Carolyn Hax: How to Help Daughter With Cruel In-Laws by Helping Wife

Dear Carolyn: My daughter is married to a wonderful man who has an entitled, spoiled younger sister. His mother enables her and takes her side whenever there is any conflict. My daughter goes through cycles with his family where things are calm, but then the sister causes conflict. My daughter has a heart problem that is made worse by stress.

My generous son-in-law often takes them along on family vacations and pays for everything. It has now gotten to the point where they are upset if he and my daughter go without them. Her husband knows his family can be difficult, but he doesn’t want to face it. My daughter says she wants to avoid most gatherings with her family altogether. She is fine with him and their child. Is this the best way to go about it?

Worried mom: Whatever the best way is, it’s not about you or me.

Or his sister, or the rest of his family.

It is best if the two, the exchange of vows, agree that it is best. If you give me a vote (you can’t), then I’ll go further and say that the best course of action is for the two of them to start prioritizing their marriage over one or the other’s family of origin.

That their centers of gravity are still with their families, as it seems, is more of a problem than any sister-in-law overdoing it — though the former can certainly make the latter a lot worse than it would otherwise be.

And maybe it’s just that I’m writing this on a Monday, but I don’t understand what’s “wonderful” or “generous” about inviting along, but refusing to deal with a family who knows it’s “difficult” in general and unpleasant company for the woman in particular of.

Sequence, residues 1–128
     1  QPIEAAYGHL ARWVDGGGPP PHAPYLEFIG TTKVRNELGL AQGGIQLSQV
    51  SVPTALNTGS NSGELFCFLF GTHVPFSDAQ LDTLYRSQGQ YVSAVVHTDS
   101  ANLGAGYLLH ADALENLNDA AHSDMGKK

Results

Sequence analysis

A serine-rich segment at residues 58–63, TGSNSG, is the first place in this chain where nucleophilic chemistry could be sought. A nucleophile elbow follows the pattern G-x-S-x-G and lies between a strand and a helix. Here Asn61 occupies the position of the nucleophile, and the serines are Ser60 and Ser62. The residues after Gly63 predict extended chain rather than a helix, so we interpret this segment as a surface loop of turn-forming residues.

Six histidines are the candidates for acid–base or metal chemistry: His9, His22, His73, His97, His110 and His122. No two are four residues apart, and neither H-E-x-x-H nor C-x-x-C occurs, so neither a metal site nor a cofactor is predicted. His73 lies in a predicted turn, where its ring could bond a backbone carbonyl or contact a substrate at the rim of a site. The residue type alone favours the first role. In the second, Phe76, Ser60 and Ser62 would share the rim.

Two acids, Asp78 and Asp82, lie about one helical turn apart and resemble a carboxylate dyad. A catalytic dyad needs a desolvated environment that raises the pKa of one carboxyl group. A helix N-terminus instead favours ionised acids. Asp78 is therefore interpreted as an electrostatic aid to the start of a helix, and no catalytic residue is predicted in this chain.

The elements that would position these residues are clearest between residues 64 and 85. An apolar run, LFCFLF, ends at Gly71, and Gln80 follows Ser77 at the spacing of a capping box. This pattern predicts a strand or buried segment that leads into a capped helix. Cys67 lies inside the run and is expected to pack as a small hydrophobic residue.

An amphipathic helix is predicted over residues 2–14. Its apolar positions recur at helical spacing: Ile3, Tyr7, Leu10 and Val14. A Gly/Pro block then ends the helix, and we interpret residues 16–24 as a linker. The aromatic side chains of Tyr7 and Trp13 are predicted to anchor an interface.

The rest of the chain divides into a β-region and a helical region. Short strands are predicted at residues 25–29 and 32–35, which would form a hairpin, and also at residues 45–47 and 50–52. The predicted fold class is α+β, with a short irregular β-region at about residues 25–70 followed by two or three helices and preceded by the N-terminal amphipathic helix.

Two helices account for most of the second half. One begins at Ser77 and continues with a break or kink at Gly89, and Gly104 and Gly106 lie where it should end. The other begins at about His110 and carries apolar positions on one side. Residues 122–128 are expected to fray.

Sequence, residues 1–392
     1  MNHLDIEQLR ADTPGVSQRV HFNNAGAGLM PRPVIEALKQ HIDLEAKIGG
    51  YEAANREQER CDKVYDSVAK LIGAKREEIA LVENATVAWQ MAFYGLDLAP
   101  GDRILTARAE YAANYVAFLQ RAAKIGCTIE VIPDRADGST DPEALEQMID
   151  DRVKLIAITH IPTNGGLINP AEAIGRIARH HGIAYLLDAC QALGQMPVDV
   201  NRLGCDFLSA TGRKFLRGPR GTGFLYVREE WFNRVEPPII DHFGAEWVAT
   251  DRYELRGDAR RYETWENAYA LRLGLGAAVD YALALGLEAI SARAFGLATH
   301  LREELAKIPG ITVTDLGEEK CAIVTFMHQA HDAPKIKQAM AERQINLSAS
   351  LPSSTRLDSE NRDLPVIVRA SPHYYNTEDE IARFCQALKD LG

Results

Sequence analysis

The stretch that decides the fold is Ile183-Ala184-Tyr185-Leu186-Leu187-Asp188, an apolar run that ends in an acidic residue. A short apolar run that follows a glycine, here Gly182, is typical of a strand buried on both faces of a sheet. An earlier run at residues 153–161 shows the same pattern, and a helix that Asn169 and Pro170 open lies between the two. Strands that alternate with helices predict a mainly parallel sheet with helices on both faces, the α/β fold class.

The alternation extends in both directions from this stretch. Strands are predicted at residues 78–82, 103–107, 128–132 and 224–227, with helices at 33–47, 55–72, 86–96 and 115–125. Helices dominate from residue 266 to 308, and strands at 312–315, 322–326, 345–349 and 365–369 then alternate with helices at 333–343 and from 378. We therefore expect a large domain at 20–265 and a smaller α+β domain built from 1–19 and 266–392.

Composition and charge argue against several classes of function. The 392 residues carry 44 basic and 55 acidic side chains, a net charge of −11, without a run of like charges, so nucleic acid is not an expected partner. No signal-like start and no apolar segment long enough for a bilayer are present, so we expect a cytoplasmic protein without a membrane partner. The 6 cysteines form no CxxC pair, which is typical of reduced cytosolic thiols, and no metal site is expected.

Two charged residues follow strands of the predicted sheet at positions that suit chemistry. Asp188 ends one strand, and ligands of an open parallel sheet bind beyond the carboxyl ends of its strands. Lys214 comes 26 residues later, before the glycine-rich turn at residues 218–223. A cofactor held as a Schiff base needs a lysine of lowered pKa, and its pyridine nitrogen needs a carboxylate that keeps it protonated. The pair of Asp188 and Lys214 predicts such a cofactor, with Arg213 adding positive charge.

We all have things we don’t want to deal with. If we are to give in to this urge and knowingly neglect it at the expense of another, then we are typical at best, not great.

Except for the shakers who travel for free. To them, his negligence is too awesome.

But this is all academic unless your daughter asks for your opinion. If he does, then start by asking her what he thinks is right. Then ask if she has shared this idea or plan explicitly with her husband. Then ask why not, if not.

In other words: Deal with this by encouraging her to approach him about including her so they can handle things like this as a unit. Nah. And so he acknowledges, if he refuses, that his refusal is Problem Zero.

The exception to this linked box is, of course, when you see signs of inspection and damage. In this case, you stop promoting “unit” thinking and instead speak clearly, with evidence, on behalf of the one who is being hurt.

Dear Carolyn: Our wedding took place a few weeks ago. It was a beautiful event that included an outdoor ceremony followed by a move indoors to host hors d’oeuvres, cocktails and a full hors d’oeuvres dinner. The cost of booking the venue with all the restaurants was not cheap and was based on a price per person. Our wedding invitations were sent three months in advance, said the wedding included cocktails, dinner and dancing and included personal stamped replies. We submitted our number and paid for the venue based on the RSVPs we received.

We were disappointed that several people were surprise no-shows on the day of the wedding, especially when we later learned they were “too busy” to attend or had other flimsy excuses. This cost us hundreds of extra dollars.

Is there a way to word the invite that lets people know we ARE PAYING to attend without sounding like a cheapskate? It’s too late for us, obviously, but maybe others will benefit.

I mean, you’re 100 percent right: It was awful for your loved ones to do this to you, and you deserved to be treated by your guests somewhere on the same level of care as you prepared to host them.

But the idea that a line on an invitation worded precisely can reverse the effects of social disclosure? This is an “Oh, honey” moment. [pat, pat]. Either they live in protective bubbles or they know you paid through the nose.

The best advice I can give couples is to build this “loss” into their budgets — and their emotional expectations. As awful as it is, it happens all the time now. (I know we’re all tired, people, but stop doing that.)

So why post a letter with a hopeless non-response? Because your letter, worded just like that, has a better chance than I do of finishing it someone’s impulse to rudeness for the benefit of others. Thank you for the effort.

And for what it’s worth, you don’t sound like a “cheap skate” at all.

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